Readers might have seen this article yesterday about some of the ASX?s biggest tech wrecks over the past year. In some cases, performance was simply the market repricing the company to a more reasonable price level. In other cases, it was a combination of limited revenues and declining cash. I was embarrassed, but not altogether surprised, to see 2 companies I once owned in the list.
Here?s what I learned from some of these tech wrecks:
Newzulu Ltd (ASX: NWZ)
I owned Newzulu for a couple of years. While aware it was a speculative stock, and thus expecting the cash outflows,…
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Readers might have seen this article yesterday about some of the ASX’s biggest tech wrecks over the past year. In some cases, performance was simply the market repricing the company to a more reasonable price level. In other cases, it was a combination of limited revenues and declining cash. I was embarrassed, but not altogether surprised, to see 2 companies I once owned in the list.
Here’s what I learned from some of these tech wrecks:
Newzulu Ltd (ASX: NWZ)
I owned Newzulu for a couple of years. While aware it was a speculative stock, and thus expecting the cash outflows, I was not critical enough of management’s efforts to grow the core business. An inability to grow revenues meaningfully in 2 years should have been a signal to exit the business, as were the multiple capital raisings and acquisitions. Comments from former employees on Glassdoor about management’s lack of focus should also have been a warning sign. The mistakes piled up on this one and inertia was the poisoned cherry on top – I should have sold much sooner.
Reffind Ltd (ASX: RFN)
I made a respectable return on Reffind, but again was too slow to sell – this kept a ~30% return from becoming a 100%+ return. I bought as the company was signing loads of new customers, but before the quarterly report was released, which revealed how much money those sales had generated (virtually nothing). This should have been the first cue to exit. The second cue to exit was when shares hit $1.50 – grossly overpricing the company especially in light of how small its revenues were. I should have been less patient, and/or quicker to accept what I thought at the time was an outrageous price.
iCar Asia Ltd (ASX: ICQ)
iCar Asia was a somewhat less speculative investment, I thought, with promising advertising businesses in southeast Asia. Tailwinds were strong and the company had good leadership as well as a working relationship with Carsales.Com Ltd (ASX: CAR). However, over the year I owned, revenue growth was too slow in my opinion to see management reach their target of break-even without additional capital raisings, and I sold late last year. In this article you can see a chart of the company’s cash flows – again, I was probably too patient with the reversal. I was probably also too patient with the company’s capital raisings – when it announced its 4th one in 3 years, that should have been my cue to quit.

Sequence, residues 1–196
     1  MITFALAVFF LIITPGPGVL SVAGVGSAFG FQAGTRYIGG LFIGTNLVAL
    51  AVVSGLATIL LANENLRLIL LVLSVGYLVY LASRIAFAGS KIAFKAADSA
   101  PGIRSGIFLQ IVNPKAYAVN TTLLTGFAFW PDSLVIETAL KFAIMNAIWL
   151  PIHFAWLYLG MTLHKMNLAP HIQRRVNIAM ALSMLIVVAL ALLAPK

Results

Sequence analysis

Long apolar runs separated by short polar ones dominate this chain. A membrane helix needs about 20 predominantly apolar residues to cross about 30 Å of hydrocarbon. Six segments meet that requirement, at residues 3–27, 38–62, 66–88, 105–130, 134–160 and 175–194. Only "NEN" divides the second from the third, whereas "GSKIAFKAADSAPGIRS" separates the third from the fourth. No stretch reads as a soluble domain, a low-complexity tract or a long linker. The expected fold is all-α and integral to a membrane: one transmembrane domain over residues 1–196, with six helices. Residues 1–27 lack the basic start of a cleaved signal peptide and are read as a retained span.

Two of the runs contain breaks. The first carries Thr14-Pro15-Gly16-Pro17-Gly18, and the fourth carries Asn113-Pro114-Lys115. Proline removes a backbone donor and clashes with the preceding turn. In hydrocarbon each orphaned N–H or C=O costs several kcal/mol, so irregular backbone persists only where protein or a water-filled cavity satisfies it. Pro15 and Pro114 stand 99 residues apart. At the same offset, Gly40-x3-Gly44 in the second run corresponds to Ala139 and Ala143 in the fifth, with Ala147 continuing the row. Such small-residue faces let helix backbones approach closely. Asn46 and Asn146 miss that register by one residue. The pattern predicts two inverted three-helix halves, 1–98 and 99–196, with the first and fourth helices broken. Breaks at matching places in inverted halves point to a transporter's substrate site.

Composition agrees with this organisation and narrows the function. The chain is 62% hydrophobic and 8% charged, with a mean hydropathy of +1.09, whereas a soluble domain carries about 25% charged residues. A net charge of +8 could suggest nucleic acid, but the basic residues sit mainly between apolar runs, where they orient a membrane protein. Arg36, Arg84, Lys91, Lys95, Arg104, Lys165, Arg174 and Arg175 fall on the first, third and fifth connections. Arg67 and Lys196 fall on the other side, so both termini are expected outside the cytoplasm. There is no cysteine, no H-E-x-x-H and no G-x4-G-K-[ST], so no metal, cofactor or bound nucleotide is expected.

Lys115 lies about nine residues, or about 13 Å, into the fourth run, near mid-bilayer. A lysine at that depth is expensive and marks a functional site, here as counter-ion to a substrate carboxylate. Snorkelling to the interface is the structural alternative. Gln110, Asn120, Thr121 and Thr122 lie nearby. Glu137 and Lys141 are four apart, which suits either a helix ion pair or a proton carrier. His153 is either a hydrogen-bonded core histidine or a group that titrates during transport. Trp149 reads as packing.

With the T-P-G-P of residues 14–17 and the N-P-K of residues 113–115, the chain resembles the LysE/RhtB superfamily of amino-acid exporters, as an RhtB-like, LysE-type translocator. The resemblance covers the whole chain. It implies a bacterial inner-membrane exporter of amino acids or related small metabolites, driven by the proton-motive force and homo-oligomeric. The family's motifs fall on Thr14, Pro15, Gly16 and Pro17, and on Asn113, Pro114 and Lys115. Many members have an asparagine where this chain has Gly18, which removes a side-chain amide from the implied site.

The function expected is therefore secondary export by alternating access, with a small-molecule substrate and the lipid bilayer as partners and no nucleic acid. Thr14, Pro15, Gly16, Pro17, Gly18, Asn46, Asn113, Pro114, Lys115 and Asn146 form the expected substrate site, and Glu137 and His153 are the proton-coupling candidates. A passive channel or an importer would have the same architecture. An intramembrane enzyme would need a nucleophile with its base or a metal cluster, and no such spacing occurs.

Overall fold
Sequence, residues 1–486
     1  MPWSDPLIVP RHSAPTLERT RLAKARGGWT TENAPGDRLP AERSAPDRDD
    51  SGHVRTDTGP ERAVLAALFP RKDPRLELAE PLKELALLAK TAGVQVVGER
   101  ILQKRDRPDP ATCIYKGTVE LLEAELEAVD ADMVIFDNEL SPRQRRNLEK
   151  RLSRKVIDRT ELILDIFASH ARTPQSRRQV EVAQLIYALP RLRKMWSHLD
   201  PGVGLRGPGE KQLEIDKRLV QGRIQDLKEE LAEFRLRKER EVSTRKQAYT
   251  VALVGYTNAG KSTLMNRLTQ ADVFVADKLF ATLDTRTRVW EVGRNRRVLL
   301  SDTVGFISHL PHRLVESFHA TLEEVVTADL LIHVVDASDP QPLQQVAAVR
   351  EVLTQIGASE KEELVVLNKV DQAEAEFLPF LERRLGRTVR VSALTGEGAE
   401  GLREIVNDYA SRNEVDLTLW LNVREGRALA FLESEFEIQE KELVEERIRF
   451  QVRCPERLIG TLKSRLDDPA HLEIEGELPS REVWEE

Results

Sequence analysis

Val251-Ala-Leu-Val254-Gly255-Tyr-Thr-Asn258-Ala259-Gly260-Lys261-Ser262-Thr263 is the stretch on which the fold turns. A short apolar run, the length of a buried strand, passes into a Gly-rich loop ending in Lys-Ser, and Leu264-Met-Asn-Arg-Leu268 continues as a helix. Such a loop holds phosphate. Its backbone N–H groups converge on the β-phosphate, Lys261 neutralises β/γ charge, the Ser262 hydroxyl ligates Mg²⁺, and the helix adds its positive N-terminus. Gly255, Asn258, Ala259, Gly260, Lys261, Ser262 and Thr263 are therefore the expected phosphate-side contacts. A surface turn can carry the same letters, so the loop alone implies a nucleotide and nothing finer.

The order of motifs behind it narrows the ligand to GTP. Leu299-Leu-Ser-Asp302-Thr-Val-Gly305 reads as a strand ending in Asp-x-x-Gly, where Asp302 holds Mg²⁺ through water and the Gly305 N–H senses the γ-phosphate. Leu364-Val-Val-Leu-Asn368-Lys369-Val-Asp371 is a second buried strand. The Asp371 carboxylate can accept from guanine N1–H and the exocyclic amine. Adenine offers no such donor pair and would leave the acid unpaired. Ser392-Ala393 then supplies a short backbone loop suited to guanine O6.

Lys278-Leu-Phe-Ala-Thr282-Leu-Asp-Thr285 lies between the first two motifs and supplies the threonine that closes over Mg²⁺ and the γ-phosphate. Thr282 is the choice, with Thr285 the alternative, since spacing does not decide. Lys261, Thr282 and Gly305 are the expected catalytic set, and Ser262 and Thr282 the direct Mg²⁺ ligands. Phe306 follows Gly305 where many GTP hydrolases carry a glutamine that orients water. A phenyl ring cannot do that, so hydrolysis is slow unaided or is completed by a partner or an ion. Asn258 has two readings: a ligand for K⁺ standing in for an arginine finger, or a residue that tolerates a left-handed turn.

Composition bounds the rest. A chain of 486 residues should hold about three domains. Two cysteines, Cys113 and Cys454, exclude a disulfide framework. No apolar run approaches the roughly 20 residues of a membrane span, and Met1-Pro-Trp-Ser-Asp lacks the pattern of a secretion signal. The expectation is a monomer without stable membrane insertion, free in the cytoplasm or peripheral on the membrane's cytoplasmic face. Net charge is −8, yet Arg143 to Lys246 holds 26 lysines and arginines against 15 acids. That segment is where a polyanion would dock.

The biggest lesson here in my opinion is that patience is good for most companies, but not for speculative companies that are burning cash. Most of the time, they are priced fairly richly – priced for growth.
If they do not grow to standards, they should be cut fairly ruthlessly, otherwise all you are left with is a company that is burning money. At least with companies like Woolworths Limited (ASX: WOW), there are assets, cash flows, and dividends to underpin some of the investment value. It is very unlikely that a big company like Woolworths will fall 50%, and then another 50% in the following year.
Lessons learned: Be less patient with speculative stocks, and positive earnings and cash flows are king. Read on to discover some much better investment ideas, with our top analyst's Top 3 ASX Blue Chips To Buy In 2017.
For many, blue chip stocks means stability, profitability and regular dividends, often full franked..
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Motley Fool contributor Sean O'Neill has no position in any stocks mentioned. The Motley Fool Australia has no position in any of the stocks mentioned. We Fools may not all hold the same opinions, but we all believe that considering a diverse range of insights makes us better investors. The Motley Fool has a disclosure policy. This article contains general investment advice only (under AFSL 400691). Authorised by Bruce Jackson.